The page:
2. Fifty-seven SNPs that show some evidence of association with EOC risk have been followed up by genotyping additional cases and controls through the OCAC. Listed are the 12 SNPs that continue to show some evidence of association, after replication, in a combined analysis at the 5% level; some are limited to specific histological subtypes of EOC. A full list of the 57 SNPs can be found in Table S1.

  3. aNumbers are for all histological subtypes of EOC, except where SC, serous; EC, endometrioid; MC, mucinous; CCC, clear cell. bPer-allele OR unless otherwise stated. cDominant OR (95% CI). dPosterior median OR (95% posterior probability intervals). eCombined serous risk estimate for all races; OR = 1.17 (1.08–1.27), P = 7.2 × 10−5.

ABL1rs28551928259401.26 (1.03–1.55)0.02[1]232242691.03 (0.91–1.16)1.59 (1.08–2.34)0.02[1]
CDKN1Brs2066827∼1500∼25000.88 (0.77–1.01)0.68 (0.51–0.90)0.004[2]361857190.98 (0.89–1.07)0.79 (0.65–0.95)0.04[2]
CDKN2A/2Brs3731257∼1500∼25000.90 (0.78–1.03)0.80 (0.59–1.07)0.046[2]360157050.89 (0.81–0.97)0.87 (0.73–1.03)0.008[2]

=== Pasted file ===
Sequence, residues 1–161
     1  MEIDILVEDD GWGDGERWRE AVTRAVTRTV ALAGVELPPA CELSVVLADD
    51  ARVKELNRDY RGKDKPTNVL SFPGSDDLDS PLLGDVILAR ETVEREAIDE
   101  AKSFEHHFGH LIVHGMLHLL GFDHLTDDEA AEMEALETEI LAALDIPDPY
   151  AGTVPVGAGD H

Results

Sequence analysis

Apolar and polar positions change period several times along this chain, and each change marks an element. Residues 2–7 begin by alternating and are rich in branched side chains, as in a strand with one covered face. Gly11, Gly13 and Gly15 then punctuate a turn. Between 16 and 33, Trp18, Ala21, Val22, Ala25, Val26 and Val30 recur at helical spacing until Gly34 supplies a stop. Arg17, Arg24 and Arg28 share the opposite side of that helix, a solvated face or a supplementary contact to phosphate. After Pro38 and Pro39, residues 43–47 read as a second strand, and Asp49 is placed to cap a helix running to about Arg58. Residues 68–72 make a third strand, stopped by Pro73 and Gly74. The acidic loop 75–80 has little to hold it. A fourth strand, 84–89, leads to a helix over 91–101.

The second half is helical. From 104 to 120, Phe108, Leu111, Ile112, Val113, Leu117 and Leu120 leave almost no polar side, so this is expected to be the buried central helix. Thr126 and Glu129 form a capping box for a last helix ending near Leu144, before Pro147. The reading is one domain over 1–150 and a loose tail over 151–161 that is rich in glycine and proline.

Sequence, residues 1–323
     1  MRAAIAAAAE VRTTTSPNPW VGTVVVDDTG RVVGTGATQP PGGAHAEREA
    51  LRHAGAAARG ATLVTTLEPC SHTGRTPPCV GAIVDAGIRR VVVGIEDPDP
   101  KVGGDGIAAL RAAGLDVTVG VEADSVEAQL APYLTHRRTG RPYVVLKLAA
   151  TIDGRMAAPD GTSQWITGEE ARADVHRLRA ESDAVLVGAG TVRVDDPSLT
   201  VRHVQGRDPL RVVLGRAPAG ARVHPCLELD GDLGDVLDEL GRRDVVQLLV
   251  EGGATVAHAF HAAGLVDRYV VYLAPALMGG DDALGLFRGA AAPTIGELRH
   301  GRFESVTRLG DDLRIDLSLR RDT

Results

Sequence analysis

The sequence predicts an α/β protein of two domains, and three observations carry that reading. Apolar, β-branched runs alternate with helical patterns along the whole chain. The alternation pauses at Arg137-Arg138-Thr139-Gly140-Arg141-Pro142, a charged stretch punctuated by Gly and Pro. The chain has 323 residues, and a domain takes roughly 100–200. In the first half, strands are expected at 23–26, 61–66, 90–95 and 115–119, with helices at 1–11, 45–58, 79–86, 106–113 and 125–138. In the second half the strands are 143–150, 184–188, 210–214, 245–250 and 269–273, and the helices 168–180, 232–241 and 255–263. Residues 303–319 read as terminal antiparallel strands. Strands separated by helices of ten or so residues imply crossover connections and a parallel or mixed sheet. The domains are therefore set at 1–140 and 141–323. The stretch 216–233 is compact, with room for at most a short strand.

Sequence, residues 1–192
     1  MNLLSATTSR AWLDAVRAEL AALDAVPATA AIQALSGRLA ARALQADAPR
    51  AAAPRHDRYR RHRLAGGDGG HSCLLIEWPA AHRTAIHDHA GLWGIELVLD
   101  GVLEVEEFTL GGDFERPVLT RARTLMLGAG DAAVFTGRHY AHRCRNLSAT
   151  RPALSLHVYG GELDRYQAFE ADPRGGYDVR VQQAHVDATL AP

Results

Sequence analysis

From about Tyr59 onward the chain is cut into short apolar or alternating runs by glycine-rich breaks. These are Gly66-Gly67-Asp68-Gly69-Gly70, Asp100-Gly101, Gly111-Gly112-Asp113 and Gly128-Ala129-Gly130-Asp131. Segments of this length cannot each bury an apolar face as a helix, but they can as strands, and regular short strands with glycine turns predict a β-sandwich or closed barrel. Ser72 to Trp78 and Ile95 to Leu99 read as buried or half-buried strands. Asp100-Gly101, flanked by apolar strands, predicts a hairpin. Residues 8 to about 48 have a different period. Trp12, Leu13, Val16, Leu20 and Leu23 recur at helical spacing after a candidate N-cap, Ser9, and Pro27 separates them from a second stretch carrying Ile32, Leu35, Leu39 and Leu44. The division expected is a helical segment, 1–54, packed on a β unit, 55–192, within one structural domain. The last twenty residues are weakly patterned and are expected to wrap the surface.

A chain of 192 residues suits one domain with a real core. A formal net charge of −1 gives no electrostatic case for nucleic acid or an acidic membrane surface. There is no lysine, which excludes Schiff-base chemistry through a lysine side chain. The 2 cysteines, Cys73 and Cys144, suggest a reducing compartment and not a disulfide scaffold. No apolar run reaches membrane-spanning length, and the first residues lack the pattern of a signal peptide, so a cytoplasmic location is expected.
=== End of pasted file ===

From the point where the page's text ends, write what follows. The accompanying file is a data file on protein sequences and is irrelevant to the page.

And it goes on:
ESR1rs2295190112818661.24 (1.06–1.44)0.006[3]640793161.11 (1.04–1.19)0.001[3]
NMIrs11683487146425640.80 (0.69–0.93)0.87 (0.71–1.02)0.04[4]256143560.87 (0.8–0.99)c0.03[4]
PGRPROGINS2673961.19 (0.85–1.68)3.23 (1.19–8.75)0.02[5]651 (EC)67941.17 (1.01–1.36)0.04[6]
RB1rs2854344131863960.73 (0.61–0.89)c0.0009[7]381765840.88 (0.79–1.00)0.04[8]
TERTrs7726159675 (SC)11621.22 (1.06–1.40)0.007[9]1771 (SC)40221.14 (1.01–1.25)0.003e[9]
TP53rs2287498193 (SC)441Not given<0.05[10]1859 (SC)59271.30 (1.07–1.58)d165.7 (BF)[10]
TP53rs2287498391 (SC)786Not given<0.05[10]       
TP53rs12951053391 (SC)789Not given<0.05[10]2585 (SC)85081.19 (1.01–1.38)d47.8 (BF)[10]
TYMSrs4951398269411.1 (0.8–1.3)1.4 (1.0–1.8)0.10[11]354 (MC)99621.19 (1.03–1.39)0.02[12]
TYMSrs4951398269411.1 (0.8–1.3)1.4 (1.0–1.8)0.10[11]821 (EC)99620.90 (0.81–0.99)0.04[12]